An Adobe Marvel in Western Colorado

Mary Hitchcock, Yonder

Mary Hitchcock, Yonderer & Food Blogger

Anytime I leave the city, I’m inspired by those who live in rural areas. I could only hope to be like them one day, living a simpler life. Just me, my family, and maybe a few dozen animals roaming the farm.

Living in Colorado (Denver specifically) has its perks. One can go 20 minutes outside the city and enjoy rolling hills and open spaces for miles. Having grown up in Southern California, I rarely got to experience anything like it. 

Recently I got a taste of the rural life on the Western Slope, what we Coloradoans call the western portion of the state. About 4.5 hours from Denver is a little town called Cedaredge. It sits about 6,000 feet in elevation just beneath the southern slopes of Grand Mesa National Forest, which is home to the largest flat-top mountain in the world! I was excited to see the diverse landscape of western Colorado, ranging as it does from lush greenery to adobe badlands to rugged pinyon and juniper-covered slopes and more. We’ll see some of that later in this post, but first let’s get there…

Upon my arrival to Cedaredge, the small agriculture community set in Surface Creek Valley, I headed a few minutes northwest to Maison de Terre, a unique, hand-crafted adobe bed and breakfast with views of the San Juan Mountains, the Grand Mesa and the West Elk Mountains. 

Stewards Terrie and Marty Watts built this home over 30 years ago from scratch, after the San Francisco couple who dreamed of a simpler life went looking for it. Once they saw Cedaredge, they packed up their family and found a plot of Cedaredge land and never looked back.

When I say the couple made their home in Cedaredge, I’m being literal. Not only had they built the entire house from the ground up, they formed and laid their own bricks. Ten thousand bricks later, their home became a reality. I was in awe when Marty told me that in addition to all that, he was a completely self-taught builder. After years of reading books (this was before YouTube), Marty took on the project of building a home that his family would create memories in. What’s more, all the materials used were from local resources that made minimal environmental impacts.

A few years ago, Marty and Terrie opened their doors to guests from all over the world, allowing them to experience the serenity and peacefulness of their 10-acre property. My favorite area was the garden that often bears the fruits and vegetables used in many of Maison de Terre’s dishes. As a part of their guest offerings, the B&B creates a homemade and delicious breakfast for every guest daily. The farm-fresh eggs from the neighbors that were seasoned with tarragon from the garden were my favorite part of this meal. Farm-to-table at its finest.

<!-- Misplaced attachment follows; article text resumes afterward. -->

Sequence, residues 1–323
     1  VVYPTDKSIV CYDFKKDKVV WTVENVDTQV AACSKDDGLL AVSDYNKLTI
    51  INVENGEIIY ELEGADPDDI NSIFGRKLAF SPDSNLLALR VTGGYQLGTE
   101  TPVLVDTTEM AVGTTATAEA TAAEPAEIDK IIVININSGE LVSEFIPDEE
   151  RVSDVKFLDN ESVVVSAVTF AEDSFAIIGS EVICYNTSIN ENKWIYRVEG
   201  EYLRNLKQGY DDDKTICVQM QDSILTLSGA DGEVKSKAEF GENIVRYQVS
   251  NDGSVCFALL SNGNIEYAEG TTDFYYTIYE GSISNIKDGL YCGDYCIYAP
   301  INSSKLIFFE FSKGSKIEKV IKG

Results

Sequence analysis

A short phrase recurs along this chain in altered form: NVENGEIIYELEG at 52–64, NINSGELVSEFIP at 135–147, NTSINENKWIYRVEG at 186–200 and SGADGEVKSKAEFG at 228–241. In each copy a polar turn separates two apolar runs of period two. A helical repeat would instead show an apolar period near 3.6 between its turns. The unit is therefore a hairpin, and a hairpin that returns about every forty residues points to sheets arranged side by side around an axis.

After breakfast, I got to be one with myself and enjoy an on-site yoga session with a local instructor, as Marty is a firm believer in the healing benefits of yoga. And to my surprise, post-yoga, I got to observe a Reiki session. Having never experienced something like this before, it was a sight to see. Reiki is a Japanese form of alternative medicine that focuses on energy healing.

I couldn’t return from my getaway without discovering the land around Cedaredge. The roads took me from Maison de Terre to Gunnison Gorge National Conservation Area; the 30-minute drive put me in what seemed a different world — a barren, hot, beautiful desert world known as an adobe badland. When I mentioned that the land is diverse, this is what I meant. You can go from the lush forests to the desert landscape in a few minutes.


After a guided hike with Marty, I was craving the evening so I could sit on the patio outside my bedroom. I knew the best way to end this trip was to relax, take in the surroundings, and enjoy the gentle breeze of the golden hour. 

Reminiscing on my getaway reaffirmed my desire to one day lead a life of simplicity. I see it as the antidote of being caught up in the hustle of daily life, forgetting the true meaning of creating a life worth living.. I always make it a point to ask myself, “In 50, 60 or even 70 years from now, when I look back, did I live life to its fullest potential?”